There is a well established Internet protocol (NTP) for maintaining time synchronization that should be used by DICOM. It operates in several ways.
The most common is for the computer to become an NTP client of one or more NTP servers. As a client it uses occasional ping-pong NTP messages to:
Estimate the network delays. These estimates are updated during each NTP update cycle.
Obtain a time estimate from the server. Each estimate includes the server’s own statistical characteristics and accuracy assessment of the estimate.
Use the time estimates from the servers, the network delay estimates, and the time estimates from the local system clock, to obtain a new NTP time estimate. This typically uses modern statistical methods and filtering to perform optimal estimation.
Use the resulting time estimate to
Adjust the system time, and
Update drift and statistical characteristics of the local clock.
The local applications do not normally communicate with the NTP client software. They normally continue to use the system clock services. The NTP client software adjusts the system clock. The NTP standard defines a nominal system clock service as having two adjustable parameters:
The clock frequency. In the example above, the nominal clock was 100Hz, with a nominal increment of 10 milliseconds. Long term measurement may indicate that the actual clock is slightly faster and the NTP client can adjust the clock increment to be 9.98 milliseconds.
The clock phase. This adjustment permits jump adjustments, and is the fixed time offset between the internal clock and the estimated UTC.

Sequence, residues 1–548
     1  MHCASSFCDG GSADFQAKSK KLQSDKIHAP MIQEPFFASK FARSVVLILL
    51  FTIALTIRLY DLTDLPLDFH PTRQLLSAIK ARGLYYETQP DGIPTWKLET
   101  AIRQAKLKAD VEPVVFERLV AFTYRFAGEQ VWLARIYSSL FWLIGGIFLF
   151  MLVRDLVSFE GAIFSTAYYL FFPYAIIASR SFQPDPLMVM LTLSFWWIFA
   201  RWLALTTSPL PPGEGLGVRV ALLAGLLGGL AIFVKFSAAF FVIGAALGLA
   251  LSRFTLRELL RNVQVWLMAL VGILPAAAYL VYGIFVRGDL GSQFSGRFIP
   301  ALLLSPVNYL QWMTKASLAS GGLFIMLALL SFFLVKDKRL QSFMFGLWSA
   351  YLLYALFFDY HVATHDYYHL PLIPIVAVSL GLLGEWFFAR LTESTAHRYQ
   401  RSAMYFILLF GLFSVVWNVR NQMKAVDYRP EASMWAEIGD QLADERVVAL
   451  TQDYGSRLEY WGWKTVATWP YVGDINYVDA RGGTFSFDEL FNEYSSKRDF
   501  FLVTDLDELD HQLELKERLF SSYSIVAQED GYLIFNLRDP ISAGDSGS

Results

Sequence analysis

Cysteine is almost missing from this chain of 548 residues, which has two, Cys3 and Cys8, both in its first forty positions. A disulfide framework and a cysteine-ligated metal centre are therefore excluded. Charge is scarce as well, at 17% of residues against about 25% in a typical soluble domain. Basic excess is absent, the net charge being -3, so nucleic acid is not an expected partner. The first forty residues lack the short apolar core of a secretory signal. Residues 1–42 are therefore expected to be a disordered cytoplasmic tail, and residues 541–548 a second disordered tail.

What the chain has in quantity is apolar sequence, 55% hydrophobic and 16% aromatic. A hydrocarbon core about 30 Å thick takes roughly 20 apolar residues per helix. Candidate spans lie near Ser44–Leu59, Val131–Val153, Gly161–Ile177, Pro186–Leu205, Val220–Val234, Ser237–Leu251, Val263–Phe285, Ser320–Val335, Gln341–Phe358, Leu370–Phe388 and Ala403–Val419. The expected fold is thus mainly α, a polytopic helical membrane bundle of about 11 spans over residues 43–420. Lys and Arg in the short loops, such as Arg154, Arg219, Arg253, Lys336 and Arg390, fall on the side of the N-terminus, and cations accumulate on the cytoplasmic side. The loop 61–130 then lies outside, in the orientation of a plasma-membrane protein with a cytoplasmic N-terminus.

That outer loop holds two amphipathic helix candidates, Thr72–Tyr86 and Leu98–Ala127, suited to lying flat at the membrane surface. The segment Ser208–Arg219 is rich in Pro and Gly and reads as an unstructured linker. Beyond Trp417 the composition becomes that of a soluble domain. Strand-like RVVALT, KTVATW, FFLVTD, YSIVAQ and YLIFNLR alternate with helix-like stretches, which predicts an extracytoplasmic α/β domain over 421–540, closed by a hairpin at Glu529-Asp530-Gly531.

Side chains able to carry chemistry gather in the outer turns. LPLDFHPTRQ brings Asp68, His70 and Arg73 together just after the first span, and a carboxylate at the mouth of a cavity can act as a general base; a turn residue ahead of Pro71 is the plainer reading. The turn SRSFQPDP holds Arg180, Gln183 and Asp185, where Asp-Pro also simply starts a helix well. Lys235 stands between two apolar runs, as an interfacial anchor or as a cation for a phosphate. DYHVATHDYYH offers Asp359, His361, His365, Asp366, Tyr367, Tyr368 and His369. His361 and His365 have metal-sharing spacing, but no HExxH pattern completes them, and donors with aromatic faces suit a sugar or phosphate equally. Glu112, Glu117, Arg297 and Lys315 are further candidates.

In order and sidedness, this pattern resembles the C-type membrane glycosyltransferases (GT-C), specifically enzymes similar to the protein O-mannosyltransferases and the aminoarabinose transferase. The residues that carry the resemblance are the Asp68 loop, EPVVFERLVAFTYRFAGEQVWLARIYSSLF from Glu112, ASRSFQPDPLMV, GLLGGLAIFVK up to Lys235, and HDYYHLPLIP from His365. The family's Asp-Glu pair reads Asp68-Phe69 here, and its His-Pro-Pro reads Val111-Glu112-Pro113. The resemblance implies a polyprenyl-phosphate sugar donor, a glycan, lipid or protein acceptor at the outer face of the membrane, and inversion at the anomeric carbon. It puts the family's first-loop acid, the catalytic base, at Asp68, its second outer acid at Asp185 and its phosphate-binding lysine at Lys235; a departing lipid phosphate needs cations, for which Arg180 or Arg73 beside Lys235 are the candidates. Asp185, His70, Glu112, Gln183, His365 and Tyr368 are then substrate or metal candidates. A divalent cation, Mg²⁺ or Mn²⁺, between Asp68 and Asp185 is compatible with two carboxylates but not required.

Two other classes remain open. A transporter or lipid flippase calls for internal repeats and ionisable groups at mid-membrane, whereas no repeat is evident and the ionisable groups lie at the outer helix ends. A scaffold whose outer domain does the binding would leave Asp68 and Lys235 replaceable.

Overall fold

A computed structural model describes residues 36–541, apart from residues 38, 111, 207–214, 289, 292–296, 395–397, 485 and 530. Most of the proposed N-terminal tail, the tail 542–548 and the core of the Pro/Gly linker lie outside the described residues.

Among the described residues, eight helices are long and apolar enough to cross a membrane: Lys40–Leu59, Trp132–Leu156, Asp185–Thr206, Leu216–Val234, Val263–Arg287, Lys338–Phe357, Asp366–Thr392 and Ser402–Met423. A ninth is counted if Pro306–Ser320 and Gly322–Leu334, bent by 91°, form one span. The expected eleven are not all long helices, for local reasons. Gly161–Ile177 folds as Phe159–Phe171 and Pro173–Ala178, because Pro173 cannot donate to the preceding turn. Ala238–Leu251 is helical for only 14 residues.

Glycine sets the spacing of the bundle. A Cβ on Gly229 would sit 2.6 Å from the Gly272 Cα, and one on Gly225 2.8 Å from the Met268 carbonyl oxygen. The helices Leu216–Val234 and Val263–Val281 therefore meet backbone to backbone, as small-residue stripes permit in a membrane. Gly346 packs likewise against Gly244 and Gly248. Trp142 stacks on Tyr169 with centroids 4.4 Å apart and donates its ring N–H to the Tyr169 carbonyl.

The experience with NTP in the field is that NTP clients on the same LAN as their NTP server will maintain synchronization to within approximately 100 microseconds. NTP clients on the North American Internet and utilizing multiple NTP servers will maintain synchronization to within approximately 10 milliseconds.
There are low cost devices with only limited time synchronization needs. NTP has been updated to include SNTP for these devices. SNTP eliminates the estimation of network delays and eliminates the statistical methods for optimal time estimation. It assumes that the network delays are nil and that each NTP server time estimate received is completely accurate. This reduces the development and hardware costs for these devices. The computer processing costs for NTP are insignificant for a PC, but may be burdensome for very small devices. The SNTP synchronization errors are only a few milliseconds in a LAN environment. They are very topology sensitive and errors may become huge in a WAN environment.
Most NTP servers are in turn NTP clients to multiple superior servers and peers. NTP is designed to accommodate a hierarchy of server/clients that distributes time information from a few international standard clocks out through layers of servers.